The Caffeine-Packed Nut That Once Defined The Iconic Coca-Cola Taste

Coca-Cola has been around for so long that it's sometimes hard to remember its origins, including where it got its iconic name. The "coca" part comes from the coca leaf, which, yes, is the same ingredient that is extracted to make cocaine — the earliest recipes of Coca-Cola did, in fact, contain cocaine. Meanwhile, the "cola" part of the name comes from the kola nut, which was another key ingredient in the popular soda. The name of the drink was suggested by Frank M. Robinson, the bookkeeper of Coca-Cola inventor John Pemberton, who thought that two Cs would make for better advertising.

The kola nut, which comes from the West African coast, is a caffeine stimulant. Kola nuts have been highly valued in West Africa dating back centuries, with the nuts being utilized as various ceremonies, such as weddings. A sign of luxury, they were chewed often by those who could afford them — and with its addictive quality, it certainly required wealth to keep up the habit. As for the taste, the kola nut itself is nothing like the very sweet Coca-Cola that it is used to make, but rather has a taste that is quite bitter. However, when the kola nut has been chewed, it then helps to intensify the sweetness of whatever food or drink you consume right after chewing the nut.

The evolution of Coca-Cola

Pemberton was inspired by another popular drink called Vin Mariani (created by French chemist Angelo Mariani in 1863), which consisted of red wine mixed with cocaine — he created Pemberton's French Wine Coca, essentially using the recipe except for his addition of the kola nut. This eventually evolved into Coca-Cola, with Pemberton nixing the red wine and finding other flavors to mix with coca leaf and the kola nut in order to produce the Coca-Cola syrup, which could be added to carbonated water to make the soda. After crafting this concoction in May 1886, Pemberton — who originally combined kola and cocaine as an attempt to find a morphine-free painkiller (Pemberton was a morphine addict) — took it to Jacobs' Pharmacy where it was taste-tested. It was then sold for five cents per cup.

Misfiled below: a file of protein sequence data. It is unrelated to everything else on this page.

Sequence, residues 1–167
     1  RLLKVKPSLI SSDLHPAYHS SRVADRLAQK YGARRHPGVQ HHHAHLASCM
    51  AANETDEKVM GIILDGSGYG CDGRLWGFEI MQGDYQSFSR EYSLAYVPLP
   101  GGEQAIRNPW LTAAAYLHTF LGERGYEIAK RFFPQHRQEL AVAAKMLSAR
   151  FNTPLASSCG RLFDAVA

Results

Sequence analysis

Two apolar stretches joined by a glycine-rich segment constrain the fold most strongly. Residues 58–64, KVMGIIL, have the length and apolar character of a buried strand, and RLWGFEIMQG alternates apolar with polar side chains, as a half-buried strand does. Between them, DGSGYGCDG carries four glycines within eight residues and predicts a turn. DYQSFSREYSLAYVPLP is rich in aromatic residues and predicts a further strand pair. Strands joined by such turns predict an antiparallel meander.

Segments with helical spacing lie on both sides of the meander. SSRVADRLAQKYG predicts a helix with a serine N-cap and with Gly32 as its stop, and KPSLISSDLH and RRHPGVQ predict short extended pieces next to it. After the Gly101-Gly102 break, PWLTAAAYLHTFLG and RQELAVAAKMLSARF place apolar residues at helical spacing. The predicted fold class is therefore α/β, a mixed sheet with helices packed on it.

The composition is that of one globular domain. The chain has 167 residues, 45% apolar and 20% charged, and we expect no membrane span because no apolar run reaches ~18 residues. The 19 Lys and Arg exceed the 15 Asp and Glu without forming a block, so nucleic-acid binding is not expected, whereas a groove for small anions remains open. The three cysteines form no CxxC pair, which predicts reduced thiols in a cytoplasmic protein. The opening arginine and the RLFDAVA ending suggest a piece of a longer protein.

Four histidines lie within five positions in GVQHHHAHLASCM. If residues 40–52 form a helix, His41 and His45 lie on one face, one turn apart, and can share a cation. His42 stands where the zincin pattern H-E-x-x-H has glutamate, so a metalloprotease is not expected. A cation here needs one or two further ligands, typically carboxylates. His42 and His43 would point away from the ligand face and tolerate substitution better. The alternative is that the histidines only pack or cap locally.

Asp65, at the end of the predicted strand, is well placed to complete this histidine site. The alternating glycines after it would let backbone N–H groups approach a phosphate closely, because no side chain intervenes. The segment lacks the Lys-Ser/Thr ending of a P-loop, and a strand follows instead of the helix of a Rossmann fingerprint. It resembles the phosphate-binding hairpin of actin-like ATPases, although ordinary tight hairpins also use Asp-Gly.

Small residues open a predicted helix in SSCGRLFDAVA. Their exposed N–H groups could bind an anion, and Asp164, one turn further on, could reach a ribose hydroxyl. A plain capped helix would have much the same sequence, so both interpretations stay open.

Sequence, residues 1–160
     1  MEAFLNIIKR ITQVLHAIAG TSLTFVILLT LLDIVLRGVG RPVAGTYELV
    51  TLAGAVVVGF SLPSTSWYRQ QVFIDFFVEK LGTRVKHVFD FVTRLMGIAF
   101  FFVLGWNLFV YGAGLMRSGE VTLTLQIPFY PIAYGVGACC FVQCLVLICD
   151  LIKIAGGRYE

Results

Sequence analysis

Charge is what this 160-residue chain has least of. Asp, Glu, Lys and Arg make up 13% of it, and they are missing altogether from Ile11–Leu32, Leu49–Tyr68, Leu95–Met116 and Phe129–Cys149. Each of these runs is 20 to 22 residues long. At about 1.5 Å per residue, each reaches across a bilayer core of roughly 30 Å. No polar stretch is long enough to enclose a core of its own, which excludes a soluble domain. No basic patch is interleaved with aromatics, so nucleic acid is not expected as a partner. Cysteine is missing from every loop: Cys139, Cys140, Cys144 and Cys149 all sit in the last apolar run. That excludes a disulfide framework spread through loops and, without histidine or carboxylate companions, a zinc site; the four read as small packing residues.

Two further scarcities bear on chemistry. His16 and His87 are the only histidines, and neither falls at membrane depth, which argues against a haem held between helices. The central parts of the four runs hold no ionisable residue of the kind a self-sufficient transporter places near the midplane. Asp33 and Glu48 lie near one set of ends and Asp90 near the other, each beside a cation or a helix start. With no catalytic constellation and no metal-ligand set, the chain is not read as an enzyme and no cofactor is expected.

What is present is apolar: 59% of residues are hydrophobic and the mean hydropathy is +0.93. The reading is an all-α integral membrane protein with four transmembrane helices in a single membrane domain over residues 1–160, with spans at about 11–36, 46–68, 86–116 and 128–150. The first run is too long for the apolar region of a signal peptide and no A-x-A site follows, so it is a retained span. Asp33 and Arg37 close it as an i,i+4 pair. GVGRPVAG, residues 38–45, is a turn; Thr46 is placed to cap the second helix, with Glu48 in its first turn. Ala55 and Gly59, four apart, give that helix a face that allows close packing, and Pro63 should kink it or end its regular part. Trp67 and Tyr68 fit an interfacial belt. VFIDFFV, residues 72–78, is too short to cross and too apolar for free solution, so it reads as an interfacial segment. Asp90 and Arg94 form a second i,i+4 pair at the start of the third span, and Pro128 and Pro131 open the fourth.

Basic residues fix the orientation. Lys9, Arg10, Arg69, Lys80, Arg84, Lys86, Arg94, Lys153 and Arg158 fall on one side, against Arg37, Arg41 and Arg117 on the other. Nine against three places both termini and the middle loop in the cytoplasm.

In the early 20th century, the company decided to use "decocainized" coca leaves as a response to the rising stigma against cocaine as a drug. Another original ingredient it doesn't contain? The kola nut. Although, it seems to be pretty unknown as to why the kola nut was taken out of the recipe — although it likely has to do with the intention to lower the amount of caffeine in the drink (now, a Coca-Cola has just about a quarter of the amount that a cup of coffee has). Instead, they use artificial ingredients to imitate the flavor of the kola nut. As for the exact recipe of Coca-Cola, it remains a very tightly kept secret.